What if the handwriting on the wall is cursive?
Where did I learn how to write? I mean penmanship, the whole writing process; from learning to identify and pronounce the upper- and lowercase letters of the alphabet, to learning how to form those letters with pencil on paper? How did I learn to write in cursive or script?
Last week, while helping grandson Grafton with his penmanship, I had a curious thought: What kind of penmanship are kids taught at home and school these days? And pondering kids and penmanship today prompted me to compare my life as a young kid learning how to write.
My parents always encouraged their kids to read and write. While I have no specific memory of either my mom or dad helping me with my penmanship, I’m sure they did. I certainly have memories of sitting at school desks in classrooms practicing writing letters of the alphabet on paper filled with three-line rows. Letters — script and print — were written over and over, with the tops and bottoms of uppercase letters kept within the top and base lines, and lowercase letters kept within the middle and base lines.
But, as of this moment, the specifics of where and when I practiced my letters in classrooms are lost. My point is: I did practice my letters, and I did learn to write using print and cursive. After that I learned typing on a manual typewriter, several computer programs, and then the touch screen technology of smartphones and tablets.
What about kids growing up with parents and teachers raised primarily on writing with computers and touch screen devices? What kind of penmanship are they learning? Does it matter?
While searching for background material on penmanship, I was surprised to see a bill submitted this year to the Maine Legislature titled, “An Act To Require Cursive Handwriting Instruction in Grade 3 to Grade 5.” State Representative Heidi Sampson, R-Alfred, sponsored the idea and she had bipartisan support, including bill cosponsors Sens. Justin Chenette, D-York, and Rep. James Handy, D-Lewiston, among others.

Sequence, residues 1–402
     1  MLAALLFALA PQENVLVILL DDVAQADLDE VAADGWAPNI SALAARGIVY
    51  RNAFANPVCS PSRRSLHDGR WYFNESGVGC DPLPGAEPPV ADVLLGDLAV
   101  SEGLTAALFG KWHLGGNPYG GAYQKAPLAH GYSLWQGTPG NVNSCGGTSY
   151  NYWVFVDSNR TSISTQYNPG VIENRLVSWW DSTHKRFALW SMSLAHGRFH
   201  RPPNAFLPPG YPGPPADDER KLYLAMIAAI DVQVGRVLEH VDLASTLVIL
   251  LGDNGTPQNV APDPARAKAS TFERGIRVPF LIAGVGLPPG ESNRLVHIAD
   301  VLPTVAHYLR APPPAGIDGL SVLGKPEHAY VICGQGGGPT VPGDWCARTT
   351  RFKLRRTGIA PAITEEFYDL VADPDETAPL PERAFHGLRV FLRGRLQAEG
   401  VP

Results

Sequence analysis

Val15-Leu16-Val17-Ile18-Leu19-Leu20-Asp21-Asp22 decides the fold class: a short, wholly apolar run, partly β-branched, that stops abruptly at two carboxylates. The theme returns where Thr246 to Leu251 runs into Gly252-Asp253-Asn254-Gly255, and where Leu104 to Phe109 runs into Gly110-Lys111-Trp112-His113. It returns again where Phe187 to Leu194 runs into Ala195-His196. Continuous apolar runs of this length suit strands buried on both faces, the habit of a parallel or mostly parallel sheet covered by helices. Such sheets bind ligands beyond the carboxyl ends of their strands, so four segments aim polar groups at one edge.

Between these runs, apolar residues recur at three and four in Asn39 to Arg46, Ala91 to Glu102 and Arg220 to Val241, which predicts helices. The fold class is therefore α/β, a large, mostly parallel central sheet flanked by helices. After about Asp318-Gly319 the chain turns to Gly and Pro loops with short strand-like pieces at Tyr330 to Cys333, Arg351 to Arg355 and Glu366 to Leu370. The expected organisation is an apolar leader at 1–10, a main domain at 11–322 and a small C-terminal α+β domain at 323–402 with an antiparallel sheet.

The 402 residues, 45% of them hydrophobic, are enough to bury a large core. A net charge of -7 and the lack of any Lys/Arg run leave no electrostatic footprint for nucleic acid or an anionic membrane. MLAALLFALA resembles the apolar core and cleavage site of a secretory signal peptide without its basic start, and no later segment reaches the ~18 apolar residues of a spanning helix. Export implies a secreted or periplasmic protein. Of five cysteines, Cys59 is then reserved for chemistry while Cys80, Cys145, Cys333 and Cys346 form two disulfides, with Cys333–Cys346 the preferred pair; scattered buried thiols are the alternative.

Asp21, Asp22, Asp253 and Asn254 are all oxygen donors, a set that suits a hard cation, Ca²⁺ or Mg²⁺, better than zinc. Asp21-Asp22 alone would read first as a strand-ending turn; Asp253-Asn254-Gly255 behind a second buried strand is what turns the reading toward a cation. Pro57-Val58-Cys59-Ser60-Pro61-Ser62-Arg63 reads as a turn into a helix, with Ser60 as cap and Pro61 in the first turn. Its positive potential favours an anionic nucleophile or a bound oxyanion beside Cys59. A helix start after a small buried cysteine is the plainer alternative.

Ten individuals, or individuals representing groups, testified before the legislative committee considering Rep. Sampson’s cursive writing idea. None of those entities testifying were opposed to students learning cursive writing. Opposition to the bill was based mostly on it being one more state mandate on teachers.
Within the ten testimonials are several worthwhile general points and questions about students learning cursive writing.
“The teaching or cursive writing used to be part of the handwriting curriculum in schools. No one seems to know why it was removed without a public discussion and debate,” said Sen. Justin Chenette.
Mr. Dan Davis asked, “How can cross-generational teams collaborate, communicate effectively, and address age-related conflicts and discrimination…in the workplace when our youth are unable to read (cursive)…?”
And Rep. Sampson detailed a list of attributes linked to cursive writing including: Improves fine motor skills; sharpens mental effectiveness; increases retention of information, and better social and communication skills.
Sampson’s bill died.
Not too many years ago, having breakfast again in Maine’s famous Moody’s Diner, a waitress was explaining to my friend and I, the diner’s new menu, which was heavy on full-color photos of meals and drinks, and light on text. The new pictorial format, explained the waitress, was in response to a growing number of customers unable to read their old menu. Now, those customers can simply point to a picture and tell the waitress, “I want that.”
I lean in favor of kids learning to read/write in print and cursive. One person testifying against Rep. Sampson’s bill said it makes more sense to limit kids to reading, not writing, cursive.
But I also favor older generations meeting their younger counterparts halfway, by learning to communicate with computers, smartphones, and/or tablets.
Anything to keep us from communicating by pointing at pictures and saying, “I want that.”
Scott K. Fish has served as a communications staffer for Maine Senate and House Republican caucuses, and was communications director for Senate President Kevin Raye. He founded and edited AsMaineGoes.com and served as director of communications/public relations for Maine’s Department of Corrections until 2015. He is now using his communications skills to serve clients in the private sector.